Although cannabidiol (CBD) has recently been touted for its ability to treat conditions such as anxiety and epilepsy, it may also allow researchers to slip medications through the blood-brain barrier to treat a variety of conditions.
 
In a study published in Molecular Pharmaceutics, the investigators attached CBD to the outer surface of lipid nanocapsules. They noted that CBD is similar to the endocannabinoids made by both mice and humans. The investigators loaded the nanocapsules with a fluorescent molecule instead of medication to allow them to track the particles.
 
The blood-brain barrier is comprised of a layer of tightly-linked cells lining the capillaries in the brain, which blocks substances from exiting the blood and entering the brain. The study authors noted that the barrier does allow certain molecules to pass, including glucose and some amino acids and neurotransmitters.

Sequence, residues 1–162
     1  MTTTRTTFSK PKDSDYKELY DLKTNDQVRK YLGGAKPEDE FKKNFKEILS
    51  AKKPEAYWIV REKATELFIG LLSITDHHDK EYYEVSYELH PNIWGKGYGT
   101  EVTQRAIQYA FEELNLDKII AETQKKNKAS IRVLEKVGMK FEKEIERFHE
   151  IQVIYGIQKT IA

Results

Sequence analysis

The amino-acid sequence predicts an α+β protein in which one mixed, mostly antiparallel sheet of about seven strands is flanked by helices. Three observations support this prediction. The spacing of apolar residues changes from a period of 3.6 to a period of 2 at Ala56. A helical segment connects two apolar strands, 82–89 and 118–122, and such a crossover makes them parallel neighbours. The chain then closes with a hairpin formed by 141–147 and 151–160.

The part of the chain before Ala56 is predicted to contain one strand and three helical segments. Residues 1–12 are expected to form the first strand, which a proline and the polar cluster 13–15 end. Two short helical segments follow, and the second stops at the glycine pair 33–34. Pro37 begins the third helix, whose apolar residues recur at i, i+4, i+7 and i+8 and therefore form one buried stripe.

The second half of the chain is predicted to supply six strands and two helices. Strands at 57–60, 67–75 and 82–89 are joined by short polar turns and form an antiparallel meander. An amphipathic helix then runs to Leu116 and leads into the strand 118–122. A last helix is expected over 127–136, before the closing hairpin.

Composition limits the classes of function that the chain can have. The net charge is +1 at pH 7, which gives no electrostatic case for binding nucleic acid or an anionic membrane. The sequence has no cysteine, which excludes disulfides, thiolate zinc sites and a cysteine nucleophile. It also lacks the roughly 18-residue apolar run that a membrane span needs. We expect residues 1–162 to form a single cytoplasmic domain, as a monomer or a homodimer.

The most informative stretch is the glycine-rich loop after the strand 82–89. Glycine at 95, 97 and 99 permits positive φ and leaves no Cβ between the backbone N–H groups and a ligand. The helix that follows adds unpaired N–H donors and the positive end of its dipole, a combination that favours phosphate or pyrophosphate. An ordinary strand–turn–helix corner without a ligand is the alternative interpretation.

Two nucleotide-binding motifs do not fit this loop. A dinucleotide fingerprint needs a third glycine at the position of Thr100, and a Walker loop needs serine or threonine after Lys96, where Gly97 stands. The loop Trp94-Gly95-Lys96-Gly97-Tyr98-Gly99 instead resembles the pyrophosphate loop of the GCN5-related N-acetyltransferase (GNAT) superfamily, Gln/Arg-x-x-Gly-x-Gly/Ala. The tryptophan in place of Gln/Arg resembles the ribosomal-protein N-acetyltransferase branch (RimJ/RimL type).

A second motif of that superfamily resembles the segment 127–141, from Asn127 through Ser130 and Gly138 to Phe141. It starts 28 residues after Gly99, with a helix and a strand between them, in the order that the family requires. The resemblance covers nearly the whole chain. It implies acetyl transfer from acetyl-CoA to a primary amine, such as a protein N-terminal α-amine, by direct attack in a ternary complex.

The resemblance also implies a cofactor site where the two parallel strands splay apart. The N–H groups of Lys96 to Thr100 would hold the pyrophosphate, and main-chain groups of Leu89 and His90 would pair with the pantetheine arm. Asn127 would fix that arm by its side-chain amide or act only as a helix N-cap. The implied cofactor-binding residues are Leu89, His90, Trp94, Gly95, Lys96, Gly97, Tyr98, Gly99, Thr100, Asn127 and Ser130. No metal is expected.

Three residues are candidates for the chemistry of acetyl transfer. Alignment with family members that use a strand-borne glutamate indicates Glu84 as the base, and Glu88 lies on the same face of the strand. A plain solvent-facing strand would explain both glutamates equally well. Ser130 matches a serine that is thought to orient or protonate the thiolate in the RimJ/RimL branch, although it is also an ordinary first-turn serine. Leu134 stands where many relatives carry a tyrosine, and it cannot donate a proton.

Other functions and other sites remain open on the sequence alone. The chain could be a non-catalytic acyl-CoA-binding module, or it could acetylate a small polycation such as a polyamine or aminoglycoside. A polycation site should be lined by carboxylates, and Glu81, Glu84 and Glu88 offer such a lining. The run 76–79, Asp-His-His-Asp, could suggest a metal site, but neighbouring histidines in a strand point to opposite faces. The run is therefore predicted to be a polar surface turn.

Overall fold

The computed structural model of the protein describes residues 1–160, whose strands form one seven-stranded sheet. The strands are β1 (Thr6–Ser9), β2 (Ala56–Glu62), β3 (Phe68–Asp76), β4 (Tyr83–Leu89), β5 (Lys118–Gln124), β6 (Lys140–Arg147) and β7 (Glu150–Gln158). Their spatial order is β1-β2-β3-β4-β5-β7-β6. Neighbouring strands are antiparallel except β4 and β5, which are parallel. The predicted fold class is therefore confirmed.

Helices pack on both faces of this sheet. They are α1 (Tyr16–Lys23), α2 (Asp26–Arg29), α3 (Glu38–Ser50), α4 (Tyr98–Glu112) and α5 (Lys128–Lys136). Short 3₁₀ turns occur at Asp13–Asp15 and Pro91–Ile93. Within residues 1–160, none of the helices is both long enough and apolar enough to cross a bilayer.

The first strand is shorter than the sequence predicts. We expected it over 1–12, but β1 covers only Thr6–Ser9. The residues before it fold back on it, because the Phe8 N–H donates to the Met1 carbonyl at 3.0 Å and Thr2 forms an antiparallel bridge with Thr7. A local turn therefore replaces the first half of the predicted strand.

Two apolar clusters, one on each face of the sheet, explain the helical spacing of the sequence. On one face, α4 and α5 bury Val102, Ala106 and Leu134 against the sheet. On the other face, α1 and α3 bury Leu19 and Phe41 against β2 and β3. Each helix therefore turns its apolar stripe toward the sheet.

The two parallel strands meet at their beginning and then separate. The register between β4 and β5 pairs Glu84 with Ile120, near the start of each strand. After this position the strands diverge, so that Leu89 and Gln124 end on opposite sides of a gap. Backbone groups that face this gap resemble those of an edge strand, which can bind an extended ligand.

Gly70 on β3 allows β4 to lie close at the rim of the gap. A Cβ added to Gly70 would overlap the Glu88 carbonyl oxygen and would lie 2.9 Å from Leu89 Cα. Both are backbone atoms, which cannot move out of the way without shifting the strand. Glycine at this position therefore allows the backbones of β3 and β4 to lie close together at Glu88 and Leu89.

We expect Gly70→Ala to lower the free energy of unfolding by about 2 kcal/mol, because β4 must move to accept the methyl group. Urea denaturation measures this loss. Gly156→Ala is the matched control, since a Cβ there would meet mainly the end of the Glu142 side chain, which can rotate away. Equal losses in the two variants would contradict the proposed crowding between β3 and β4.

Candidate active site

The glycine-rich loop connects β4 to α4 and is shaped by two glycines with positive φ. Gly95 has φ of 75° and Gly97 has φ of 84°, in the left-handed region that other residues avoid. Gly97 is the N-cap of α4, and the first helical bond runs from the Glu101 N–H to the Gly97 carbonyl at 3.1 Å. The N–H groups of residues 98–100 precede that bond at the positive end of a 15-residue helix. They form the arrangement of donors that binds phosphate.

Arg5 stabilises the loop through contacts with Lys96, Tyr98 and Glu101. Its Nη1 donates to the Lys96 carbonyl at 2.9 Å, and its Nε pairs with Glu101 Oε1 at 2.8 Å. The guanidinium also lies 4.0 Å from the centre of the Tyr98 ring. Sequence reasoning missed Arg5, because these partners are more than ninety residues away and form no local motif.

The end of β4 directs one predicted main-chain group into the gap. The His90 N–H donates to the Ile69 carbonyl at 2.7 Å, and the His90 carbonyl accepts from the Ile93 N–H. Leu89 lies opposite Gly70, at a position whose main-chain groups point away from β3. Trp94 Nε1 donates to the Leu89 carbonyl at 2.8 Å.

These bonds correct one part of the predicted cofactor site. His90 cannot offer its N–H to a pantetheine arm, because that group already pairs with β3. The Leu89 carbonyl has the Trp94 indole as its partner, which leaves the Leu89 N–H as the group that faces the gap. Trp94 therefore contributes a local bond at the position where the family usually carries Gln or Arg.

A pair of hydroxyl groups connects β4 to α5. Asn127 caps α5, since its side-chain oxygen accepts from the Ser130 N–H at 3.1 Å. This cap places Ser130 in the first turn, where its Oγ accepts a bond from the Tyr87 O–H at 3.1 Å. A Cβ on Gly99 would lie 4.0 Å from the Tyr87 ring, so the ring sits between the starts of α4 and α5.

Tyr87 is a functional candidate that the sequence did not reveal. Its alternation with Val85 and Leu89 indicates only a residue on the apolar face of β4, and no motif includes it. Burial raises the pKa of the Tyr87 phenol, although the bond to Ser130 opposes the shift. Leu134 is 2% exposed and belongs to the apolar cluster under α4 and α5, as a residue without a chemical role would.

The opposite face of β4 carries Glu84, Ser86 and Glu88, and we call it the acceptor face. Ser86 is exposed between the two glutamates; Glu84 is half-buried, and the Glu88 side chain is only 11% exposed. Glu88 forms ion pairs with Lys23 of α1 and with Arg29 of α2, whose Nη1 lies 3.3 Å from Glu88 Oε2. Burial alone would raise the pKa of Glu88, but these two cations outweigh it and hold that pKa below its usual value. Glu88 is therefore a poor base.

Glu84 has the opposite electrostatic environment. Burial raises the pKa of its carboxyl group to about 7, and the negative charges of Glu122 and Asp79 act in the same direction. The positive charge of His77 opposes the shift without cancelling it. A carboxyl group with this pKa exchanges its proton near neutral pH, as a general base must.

Endocannabinoids, a type of neurotransmitter, bind to cannabinoid receptors in the blood-brain barrier, which helps transport molecules into the brain, according to the study. As a result of this finding, the researchers sought to use this system to transport nanocarriers into the brains of mice.
 
Using human brain cells that imitate the blood-brain barrier, the study authors were able to demonstrate that nanocarriers with CBD allowed more of the fluorescent molecule to pass through the barrier than equally-sized nanocarriers that lacked CBD. Furthermore, after being injected into healthy mice, the nanocapsules with CBD delivered approximately 2.5 times more of the fluorescent molecule to their brains, according to the study.